And we carry on with our bottled water, our ipods, our cell phones, our cable TV and our prescription medications. We carry on with diets that are killing us. We carry on with credit card debt. We carry on with domestic violence and brat dolls and disposable vacuum cleaners.

Those of us who are desperately trying to salvage America from the hands of global oppressors, those of us who are going to great lengths to be healthy productive members of society; those of us who still believe in the American Dream… we’re vilified, portrayed as a bunch of  extremist haters. Our resources are plucked away one at a time by illegal taxes, restrictions, regulations, road blocks…by any means possible to usurp our power over our own destinies.

Thus the Outlaw Farmer is born an outcast in her own beloved country because she believes in the freedom on which her country itself was founded. A tad ironic wouldn’t ya say?

This is my Soap Box Saturday post on Bleustockings

Slay the Dragon of Thou Shalt


At some poignant moment (one that I barely remember), in the fog of my early twenties, a friend whom I will most certainly stumble upon again in some future lifetime, gave me a little book called Reflections on the Art of Living: A Companion to Joseph Campbell. I read it from cover to cover, gave it to another friend, then bought it again, read it, and gave it to yet another friend. I went on like that with this book which had become my favorite, always giving it away only to buy it again and reread every page.

Its message haunted me, “Follow your bliss as a man whose hair is on fire seeks a pond”. Every fiber of my being yearned to run urgently toward my destiny with love and gratitude. To save myself from the shallow mediocrity of philosophical waxing over cocktails and cigarettes. And so one day, many years later, instead of turning right into the parking lot of my favorite pub, I took the road less traveled…a left turn down the path which led me here, to “slay the dragon of thou shalt”.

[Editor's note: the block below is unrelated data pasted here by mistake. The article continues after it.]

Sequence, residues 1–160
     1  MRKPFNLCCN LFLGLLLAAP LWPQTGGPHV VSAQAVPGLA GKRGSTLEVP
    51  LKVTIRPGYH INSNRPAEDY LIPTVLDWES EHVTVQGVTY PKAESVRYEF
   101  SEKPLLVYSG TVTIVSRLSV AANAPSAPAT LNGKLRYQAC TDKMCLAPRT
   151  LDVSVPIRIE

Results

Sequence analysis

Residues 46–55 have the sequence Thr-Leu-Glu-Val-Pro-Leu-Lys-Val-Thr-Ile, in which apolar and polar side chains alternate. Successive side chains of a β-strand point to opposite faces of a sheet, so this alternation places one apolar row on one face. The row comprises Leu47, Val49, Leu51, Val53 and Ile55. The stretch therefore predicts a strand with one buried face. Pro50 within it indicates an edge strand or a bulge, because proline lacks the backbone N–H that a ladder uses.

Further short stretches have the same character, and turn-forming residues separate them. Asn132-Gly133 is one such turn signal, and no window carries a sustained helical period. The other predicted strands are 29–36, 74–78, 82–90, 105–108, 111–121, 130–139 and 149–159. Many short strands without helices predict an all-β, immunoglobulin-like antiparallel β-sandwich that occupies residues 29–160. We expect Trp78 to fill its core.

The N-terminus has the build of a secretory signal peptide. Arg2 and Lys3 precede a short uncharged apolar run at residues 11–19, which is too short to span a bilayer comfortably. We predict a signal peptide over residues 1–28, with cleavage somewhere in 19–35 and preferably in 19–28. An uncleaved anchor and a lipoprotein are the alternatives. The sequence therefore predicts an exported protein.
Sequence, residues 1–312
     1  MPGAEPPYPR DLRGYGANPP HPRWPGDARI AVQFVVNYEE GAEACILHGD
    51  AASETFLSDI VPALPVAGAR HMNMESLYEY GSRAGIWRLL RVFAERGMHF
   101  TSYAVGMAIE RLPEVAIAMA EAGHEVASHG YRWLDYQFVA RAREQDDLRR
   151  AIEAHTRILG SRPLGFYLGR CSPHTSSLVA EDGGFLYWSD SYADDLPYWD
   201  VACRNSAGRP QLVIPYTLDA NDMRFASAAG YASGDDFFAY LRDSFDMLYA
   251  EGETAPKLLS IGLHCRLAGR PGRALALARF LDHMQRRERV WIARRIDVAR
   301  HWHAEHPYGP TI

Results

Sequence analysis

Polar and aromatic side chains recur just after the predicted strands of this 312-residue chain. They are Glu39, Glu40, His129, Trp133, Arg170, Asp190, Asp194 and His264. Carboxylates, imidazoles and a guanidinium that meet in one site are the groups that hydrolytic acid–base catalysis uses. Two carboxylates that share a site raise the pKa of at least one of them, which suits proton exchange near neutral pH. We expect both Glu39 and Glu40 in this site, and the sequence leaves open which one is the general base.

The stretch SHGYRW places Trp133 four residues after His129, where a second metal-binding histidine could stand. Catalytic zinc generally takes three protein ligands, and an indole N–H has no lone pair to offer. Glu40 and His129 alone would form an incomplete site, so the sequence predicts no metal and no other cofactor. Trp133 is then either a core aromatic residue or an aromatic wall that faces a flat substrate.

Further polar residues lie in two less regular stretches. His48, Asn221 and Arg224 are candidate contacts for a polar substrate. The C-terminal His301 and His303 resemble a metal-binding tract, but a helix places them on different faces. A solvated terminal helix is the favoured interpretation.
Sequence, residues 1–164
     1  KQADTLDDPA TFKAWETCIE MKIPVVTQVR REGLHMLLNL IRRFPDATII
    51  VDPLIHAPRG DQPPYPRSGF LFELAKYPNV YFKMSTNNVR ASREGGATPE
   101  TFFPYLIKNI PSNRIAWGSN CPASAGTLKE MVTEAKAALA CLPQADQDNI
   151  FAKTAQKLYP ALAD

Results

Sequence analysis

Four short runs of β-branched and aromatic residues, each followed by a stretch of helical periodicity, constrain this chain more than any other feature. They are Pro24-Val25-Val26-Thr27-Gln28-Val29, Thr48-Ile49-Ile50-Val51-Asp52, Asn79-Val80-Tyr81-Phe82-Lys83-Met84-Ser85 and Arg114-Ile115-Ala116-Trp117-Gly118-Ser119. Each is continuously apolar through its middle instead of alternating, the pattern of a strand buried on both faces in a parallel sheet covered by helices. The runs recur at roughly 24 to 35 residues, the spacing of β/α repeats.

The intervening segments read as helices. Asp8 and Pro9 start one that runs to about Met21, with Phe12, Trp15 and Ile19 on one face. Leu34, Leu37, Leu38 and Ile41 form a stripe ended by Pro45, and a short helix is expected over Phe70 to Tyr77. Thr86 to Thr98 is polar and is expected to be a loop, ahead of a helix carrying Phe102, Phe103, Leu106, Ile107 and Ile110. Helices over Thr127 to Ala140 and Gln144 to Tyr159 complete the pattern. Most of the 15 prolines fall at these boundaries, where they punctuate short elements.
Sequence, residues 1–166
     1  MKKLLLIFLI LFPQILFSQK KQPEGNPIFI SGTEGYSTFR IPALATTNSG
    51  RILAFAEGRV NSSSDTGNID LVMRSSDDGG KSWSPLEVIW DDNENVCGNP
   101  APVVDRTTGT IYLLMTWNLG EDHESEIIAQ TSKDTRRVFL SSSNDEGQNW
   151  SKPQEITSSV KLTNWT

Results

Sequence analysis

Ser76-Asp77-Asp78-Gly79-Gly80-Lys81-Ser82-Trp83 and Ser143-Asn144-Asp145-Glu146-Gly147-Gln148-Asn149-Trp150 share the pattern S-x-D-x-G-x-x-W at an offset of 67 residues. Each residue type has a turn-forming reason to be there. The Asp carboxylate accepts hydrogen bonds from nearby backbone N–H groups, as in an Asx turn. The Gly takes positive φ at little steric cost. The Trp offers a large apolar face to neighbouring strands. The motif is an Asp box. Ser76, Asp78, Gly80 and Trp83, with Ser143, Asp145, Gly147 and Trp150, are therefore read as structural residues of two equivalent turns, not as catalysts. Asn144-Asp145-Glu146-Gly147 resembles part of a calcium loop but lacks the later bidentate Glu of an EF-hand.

The Call of the Outlaw: A Farming Revival


Hardly a week goes by that I don’t receive a link to a news cast featuring some cool looking chap in overalls and a cowboy hat sporting his latest bushel of kale. Its kind of fun being in the “in crowd” for once in my life. But I hope this farming revival thing sticks around for more than just my ego.

The thing is, America needs to reconnect with our land and our food. There are so many reasons why: to renew our health, to address the needs of the land itself and the plants and animals that inhabit it, to regenerate our economy and create jobs. But in the immediate short term, I believe farming can help us heal from the pains of war.

As most of us have gone about our regular routines these last 10 years, our soldiers have been deployed into battle over and over again. And what sacrifices have the rest of us been asked to make? Spend more money on crap from China?! That’s pretty much the advice we’ve been given from our country’s leadership.  Whatever you do don’t stop spending. Is that what America stands for these days? Are we just a bunch of spenders?

I believe the farming revival is an organic response to the hollow empty promises of a globalized economy in a world at war, even though many entering the fields aren’t even aware of why they are so compelled. Its like we intuitively know we must change and the earth is calling out to us. As we help heal her, she brings healing to us as well. This is a movement no corporation can co-op, mimic or replace and no government is capable of regulating. But they will try.

If you are new to farming beware, there are inherent risks involved. You will find fewer friends than enemies. But the rewards come as your life is transformed and your soul uplifted. Together we are more than just the cool kids; we are the momentum behind the change we’ve been longing for. This change is not an empty promise but a real force that is already in motion. It is the call of the Outlaw. Are you ready to answer her?

Growing Power Kicks Butt & Will Allen is a Hero

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Welcome to Chapter 2: Positive Changes in America

A Good Food Manifesto for America
By Will Allen
Founder and Chief Executive Officer

Growing Power
5500 W. Silver Spring Dr.
Milwaukee WI 53218
Phone: (414) 527-1546
Fax: (414) 527-1908

I am a farmer. While I find that this has come to mean many other things to other people – that I have become also a trainer and teacher, and to some a sort of food philosopher – I do like nothing better than to get my hands into good rich soil and sow the seeds of hope.

So, spring always enlivens me and gives me the energy to make haste, to feel confidence, to take full advantage of another all-too-short Wisconsin summer.

This spring, however, much more so than in past springs, I feel my hope and confidence mixed with a sense of greater urgency. This spring, I know that my work will be all the more important, for the simple but profound reason that more people are hungry.